Affiliated projects and packages

Table of contents

In the following, projects that work closely together with Scikit-HEP are described. They extend the Python ecosystem in HEP and remain, due to their size and scope, generally independent of Scikit-HEP. In most cases, at least one Scikit-HEP core developer is on the maintainer team or regularly contributes to these packages. These packages are highly recommended for Scikit-HEP developers and users.

GooFit: GPU/OpenMP fitting in Python and C++.

GooFit is a powerful, fast fitting library designed to mimic the familiar syntax of ROOT’s RooFit. The code and installation instructions are available here, on GitHub, and a description of the fitting process and API is available on GitHub IO.

zfit: Scalable Pythonic fitting

The zfit project brings together the different model fitting efforts in Python for HEP by providing a stable API and workflow. The implementation of the fitting library is based on TensorFlow, a deep learning framework built for high performance computing on modern architectures, which is mostly hidden to the user. While traditional functionalities such as loading ROOT-files or using the Minuit minimizer are integrated in zfit, the library is completely independent of the ROOT project and has no dependency on it thanks to Scikit-HEP packages.

zfit uses a class-based approach for every part in the workflow and contains convenient base classes that allow for simple customization. Moreover, zfit offers extensive model building, composition and customization capabilities.

The project consists of additional libraries extending the capabilities of the core package.

cibuildwheel: A utility for building all PyPI supported binary wheels on all CI systems. See our guide for instructions.

The cibuildwheel project provides a Python package that can be installed on CI systems to build Python wheels. All wheels possible for an OS are built, using best practices for installing Python for building compatibly. Extensive environment variable configuration allow exact version specification, manylinux wheel selection, tests, and much more. Specialty architectures and PyPy are also supported.

This replaces the azure-wheel-helpers repository that was previously used to build wheels for Scikit-HEP. For up-to-date instructions, check the Scikit-HEP developer pages.

conda-forge ROOT: CERN’s ROOT on Conda-Forge.

CERN’s ROOT framework traditionally has been difficult to install – several hours on a single core, with many dependencies. The situation is better than it used to be, it is easier to build and available in more places, but Python was still a challenge; ROOT is linked to just one version of Python, and the one you get with pre-built ROOT can often be the wrong one. And, if you use the Conda Python distribution , which is a popular choice for Scikit-HEP users, the official ROOT team recommendation for building it on top of the Conda stack was: too hard, don’t do it. But now, the ROOT Conda-Forge package provides a fully featured ROOT binary package for macOS or Linux, fully integrated into the Conda environment system!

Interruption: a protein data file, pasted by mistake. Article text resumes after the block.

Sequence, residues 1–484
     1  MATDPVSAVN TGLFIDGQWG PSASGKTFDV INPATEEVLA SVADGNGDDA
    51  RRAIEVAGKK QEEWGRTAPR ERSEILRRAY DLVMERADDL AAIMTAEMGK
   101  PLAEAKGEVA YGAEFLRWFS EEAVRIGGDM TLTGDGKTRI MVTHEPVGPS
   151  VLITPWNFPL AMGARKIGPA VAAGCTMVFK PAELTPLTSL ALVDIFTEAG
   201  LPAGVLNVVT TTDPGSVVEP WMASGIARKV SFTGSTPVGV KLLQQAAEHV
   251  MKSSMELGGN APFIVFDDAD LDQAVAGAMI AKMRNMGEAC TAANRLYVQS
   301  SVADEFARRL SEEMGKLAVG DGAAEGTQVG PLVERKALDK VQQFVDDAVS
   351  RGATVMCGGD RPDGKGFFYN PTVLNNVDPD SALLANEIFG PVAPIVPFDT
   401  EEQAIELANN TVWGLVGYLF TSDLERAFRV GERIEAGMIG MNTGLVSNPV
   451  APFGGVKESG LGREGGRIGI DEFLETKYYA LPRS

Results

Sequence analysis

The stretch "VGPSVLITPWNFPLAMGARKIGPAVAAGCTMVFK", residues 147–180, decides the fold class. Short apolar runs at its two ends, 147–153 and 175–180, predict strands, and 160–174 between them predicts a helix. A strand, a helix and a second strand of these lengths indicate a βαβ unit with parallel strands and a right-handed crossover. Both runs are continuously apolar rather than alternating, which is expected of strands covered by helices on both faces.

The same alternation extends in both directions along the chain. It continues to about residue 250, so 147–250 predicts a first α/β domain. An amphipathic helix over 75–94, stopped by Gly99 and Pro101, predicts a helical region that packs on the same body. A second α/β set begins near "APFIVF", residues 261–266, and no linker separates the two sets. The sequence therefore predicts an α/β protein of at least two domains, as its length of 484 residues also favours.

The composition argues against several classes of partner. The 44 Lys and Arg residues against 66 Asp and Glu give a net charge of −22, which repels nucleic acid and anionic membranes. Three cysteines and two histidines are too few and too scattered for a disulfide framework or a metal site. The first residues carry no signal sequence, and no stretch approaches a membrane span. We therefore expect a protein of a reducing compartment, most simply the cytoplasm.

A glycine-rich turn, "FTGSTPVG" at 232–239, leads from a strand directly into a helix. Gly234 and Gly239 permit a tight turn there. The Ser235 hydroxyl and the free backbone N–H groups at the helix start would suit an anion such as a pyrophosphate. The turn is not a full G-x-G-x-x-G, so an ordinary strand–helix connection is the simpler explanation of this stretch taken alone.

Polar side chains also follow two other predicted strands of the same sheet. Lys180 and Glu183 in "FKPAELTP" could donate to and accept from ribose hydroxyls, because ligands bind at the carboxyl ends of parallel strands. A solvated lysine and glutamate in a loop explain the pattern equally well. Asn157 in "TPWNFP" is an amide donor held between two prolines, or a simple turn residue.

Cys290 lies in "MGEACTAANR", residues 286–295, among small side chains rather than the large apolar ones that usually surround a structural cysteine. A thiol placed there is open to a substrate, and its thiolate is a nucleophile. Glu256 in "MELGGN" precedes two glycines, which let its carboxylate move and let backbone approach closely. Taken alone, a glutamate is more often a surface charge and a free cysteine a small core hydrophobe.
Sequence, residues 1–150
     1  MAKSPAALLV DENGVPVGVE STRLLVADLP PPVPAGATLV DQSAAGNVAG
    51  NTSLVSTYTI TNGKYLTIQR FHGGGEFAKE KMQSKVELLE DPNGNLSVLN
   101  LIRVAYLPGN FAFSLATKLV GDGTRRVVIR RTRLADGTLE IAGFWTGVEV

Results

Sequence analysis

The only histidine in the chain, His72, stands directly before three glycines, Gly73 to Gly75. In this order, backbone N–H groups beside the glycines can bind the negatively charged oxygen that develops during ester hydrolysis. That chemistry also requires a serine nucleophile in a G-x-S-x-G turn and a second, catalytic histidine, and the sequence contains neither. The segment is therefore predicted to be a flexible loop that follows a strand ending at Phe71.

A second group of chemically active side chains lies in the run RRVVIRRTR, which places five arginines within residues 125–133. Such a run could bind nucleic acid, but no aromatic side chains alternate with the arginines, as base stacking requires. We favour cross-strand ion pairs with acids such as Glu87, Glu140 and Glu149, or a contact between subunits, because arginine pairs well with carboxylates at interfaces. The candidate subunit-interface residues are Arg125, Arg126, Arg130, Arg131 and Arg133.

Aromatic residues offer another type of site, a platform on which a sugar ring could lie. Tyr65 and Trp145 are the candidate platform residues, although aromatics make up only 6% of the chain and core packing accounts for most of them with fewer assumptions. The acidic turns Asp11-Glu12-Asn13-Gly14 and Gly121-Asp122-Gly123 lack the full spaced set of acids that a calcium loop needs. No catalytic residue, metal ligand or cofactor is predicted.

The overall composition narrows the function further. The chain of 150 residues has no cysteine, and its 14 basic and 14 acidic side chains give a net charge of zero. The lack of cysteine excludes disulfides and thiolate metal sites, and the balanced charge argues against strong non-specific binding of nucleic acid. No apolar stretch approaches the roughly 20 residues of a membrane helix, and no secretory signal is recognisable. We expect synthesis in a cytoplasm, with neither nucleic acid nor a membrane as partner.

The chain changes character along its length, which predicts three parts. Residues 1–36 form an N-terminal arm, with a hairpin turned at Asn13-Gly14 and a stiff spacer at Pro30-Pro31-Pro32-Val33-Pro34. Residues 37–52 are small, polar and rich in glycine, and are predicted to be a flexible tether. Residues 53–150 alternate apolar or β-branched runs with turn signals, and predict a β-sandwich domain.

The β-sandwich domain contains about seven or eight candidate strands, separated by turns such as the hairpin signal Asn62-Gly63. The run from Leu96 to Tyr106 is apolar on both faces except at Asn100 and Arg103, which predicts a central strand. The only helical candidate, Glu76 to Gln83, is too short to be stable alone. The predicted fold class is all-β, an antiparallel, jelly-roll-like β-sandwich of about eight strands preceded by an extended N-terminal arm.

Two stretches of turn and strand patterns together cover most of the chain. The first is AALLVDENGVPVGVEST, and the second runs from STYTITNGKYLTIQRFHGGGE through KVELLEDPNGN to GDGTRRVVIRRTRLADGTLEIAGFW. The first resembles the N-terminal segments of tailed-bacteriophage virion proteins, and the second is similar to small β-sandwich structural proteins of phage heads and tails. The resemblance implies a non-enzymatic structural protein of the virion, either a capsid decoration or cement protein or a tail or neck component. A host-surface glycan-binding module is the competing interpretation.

The Conda-Forge ROOT project has been developed by Scikit-HEP admins and is used in the Continuous Integration (CI) system of several of our packages to ensure consistency and interoperability with ROOT. It is used or intended to be used in our ROOT-based packages, like root_numpy. Analysts can create an environment with ROOT by the following trivial environment.yml file, often used to create tutorials on binder:

name: uproot_and_root
  - conda-forge
  - python
  - jupyterlab # Interactive environment
  - root       # Conda-Forge ROOT
  - uproot     # Can be mixed with other Scikit-HEP packages

pybind11: A C++11 API for CPython and PyPy. Can create extension modules written purely in C++ or in C++ and Python; no new language, separate generation step or tooling required (header only templated C++).

The pybind11 project provides a clean and familiar interface between Python and C++. Unlike the project that inspired it, Boost.Python, it is header only, depending only on C++11 features and works with any build system, including setuptools and CMake, without adding any dependencies. Unlike Cython, there is no new language required - you’ll just be working in vanilla C++11. Unlike SWIG, you can build up your bindings one part at a time, adding Pythonizations or custom interfaces. And unlike ROOT or cppyy, it creates compiled binaries that are easy to distribute without requiring extra user dependencies (though those tools can bind templates without specializing them as a result). It also supports going the other direction and embedding Python in a C++ application.

repo-review: A Python 3.10+ framework for running configuration check plugins.

This is a framework for building checks designed to verify that a repository follows guidelines. By itself, it does nothing - it requires at least one plugin to be installed.

With one or more plugins, it will produce a list of results - green checkmarks mean this rule is followed, red x’s mean the rule is not. A yellow warning sign means that the check was skipped because a previous required check failed. Four output formats are supported; rich, svg, html, and json.

sp-repo-review provides checks based on the Scientific-Python Development Guide at scientific-python/cookie.